121 109 Sample Rules of Order Point of information If a committee member needs certain in formation before making a decision about a motion at hand, that member can say at any time to the chairperson, “Point of This means, “I have a question to ask,” not information.” “I have information to offer.” One does not need a second to raise a point of information; it is neither debatable nor to be voted upon. The person ra ising the point of information may ask the question of either the chair person or another member of the body. Point of order If it appears to a committee member that something is happening in violation of the rules of order, and if the chairper son has not yet done anything about it, the member can ask the chairperson for clar ification of the rules at any time. The member may simply say out loud, “Point of order.” The chairperson then says, “What is your point of order?” The me mber then states the question and asks the chairperson for clarification. If the c hair agrees that the rules are not being followed, the chair says “Your point is well taken” and restates the appropriate rule. If the chair does not agree, the chair says, “Overruled.” This decision, as all others, can be appealed. Point of appeal Any time the chair makes a decision, that decision may be appealed. Any voting member who wishes to appeal a dec ision may do so by saying, “I appeal the If the appeal is seconded, the decision of the chair.” chair then asks, “On what grounds do you appeal my decision?” The member states the reasons. The chairperson then speaks briefly to t he intent of the ruling being appealed. The ts of the appeal. A vote is taken, body may then debate the ruling and the meri he original decision of the chairperson. requiring a simple majority to overrule t Parliamentary inquiry If a committee member wants to do somethi ng but doesn’t know how it fits in with the rules of order, all that member has to do is ask. At any time, a member may simply say out loud, “ Point of parliamentary inquiry.” The chairperson must immediately recognize the member so that person may ask how to do such-and- such. The chair will answer the question, po ssibly by referring to a specific passage in this document in explanation. A point of parliamentary inquiry needs no second, is not debatable, and is not voted upon. Point of personal privilege If the smoke is getting too heavy for you, the air conditioner or heater is on too high, or if there is too much noise in the room, you can ask that something be done about it. If the matter is urgent, you may interrupt the proceedings by saying, “Point of personal privilege;” if the matter is not particularly urgent, you peaking has finished. Such a request are encouraged to wait until the person s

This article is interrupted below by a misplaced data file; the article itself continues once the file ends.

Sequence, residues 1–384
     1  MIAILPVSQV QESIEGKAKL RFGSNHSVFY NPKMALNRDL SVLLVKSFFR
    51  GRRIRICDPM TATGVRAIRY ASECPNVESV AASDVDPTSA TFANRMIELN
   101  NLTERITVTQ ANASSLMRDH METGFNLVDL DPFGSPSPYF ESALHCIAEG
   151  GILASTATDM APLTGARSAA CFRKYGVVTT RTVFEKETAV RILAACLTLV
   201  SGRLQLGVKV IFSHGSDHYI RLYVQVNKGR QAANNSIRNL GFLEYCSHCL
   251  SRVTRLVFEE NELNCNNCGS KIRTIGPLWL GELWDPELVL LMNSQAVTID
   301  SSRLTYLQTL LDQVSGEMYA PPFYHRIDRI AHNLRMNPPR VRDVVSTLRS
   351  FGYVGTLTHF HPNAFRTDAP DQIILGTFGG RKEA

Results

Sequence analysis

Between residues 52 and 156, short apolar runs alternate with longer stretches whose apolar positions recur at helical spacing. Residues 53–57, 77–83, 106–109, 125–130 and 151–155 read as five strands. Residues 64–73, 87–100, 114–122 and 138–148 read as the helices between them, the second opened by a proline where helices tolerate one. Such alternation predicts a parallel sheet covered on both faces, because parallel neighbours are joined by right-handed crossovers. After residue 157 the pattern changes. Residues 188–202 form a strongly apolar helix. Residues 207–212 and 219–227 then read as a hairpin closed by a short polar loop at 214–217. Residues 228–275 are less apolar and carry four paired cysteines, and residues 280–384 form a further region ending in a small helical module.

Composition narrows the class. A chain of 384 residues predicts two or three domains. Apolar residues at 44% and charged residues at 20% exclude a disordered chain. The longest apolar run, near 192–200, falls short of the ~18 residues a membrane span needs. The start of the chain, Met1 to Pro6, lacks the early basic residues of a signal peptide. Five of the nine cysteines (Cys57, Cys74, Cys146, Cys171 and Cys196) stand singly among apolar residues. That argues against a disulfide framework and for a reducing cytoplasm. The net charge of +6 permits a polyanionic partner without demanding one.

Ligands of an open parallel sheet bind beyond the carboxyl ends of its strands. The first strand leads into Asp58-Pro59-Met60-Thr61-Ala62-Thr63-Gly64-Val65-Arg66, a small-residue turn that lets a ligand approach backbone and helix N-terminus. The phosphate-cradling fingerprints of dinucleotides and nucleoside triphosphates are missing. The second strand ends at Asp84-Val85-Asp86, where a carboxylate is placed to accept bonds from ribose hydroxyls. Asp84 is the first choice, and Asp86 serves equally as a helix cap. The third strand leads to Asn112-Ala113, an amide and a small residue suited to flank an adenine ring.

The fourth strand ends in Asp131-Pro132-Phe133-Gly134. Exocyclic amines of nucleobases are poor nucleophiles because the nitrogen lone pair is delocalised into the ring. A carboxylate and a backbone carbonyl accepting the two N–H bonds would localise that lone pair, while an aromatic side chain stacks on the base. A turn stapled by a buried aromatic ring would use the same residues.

122 110 A Guide to Local Services in NA generally requires no second, and the chairperson must recognize you immediately. State the situation and a sk that it be corrected. If your request seems reasonable, the chair will accommodate you. VOTING PROCEDURES There are several ways that votes can be taken. The most commonly used With rare exceptions, votes will be taken by a method is the show of hands. all in favor, then all opposed, then all request from the chair to see the hands of abstaining on each issue. The chairpers on should ask for all three categories every time, just to be thorough, even when the majority is overwhelming. These are only brief notes on rules of or der for business meetings. For further information, see Robert’s Rules of Order—Newly Revised.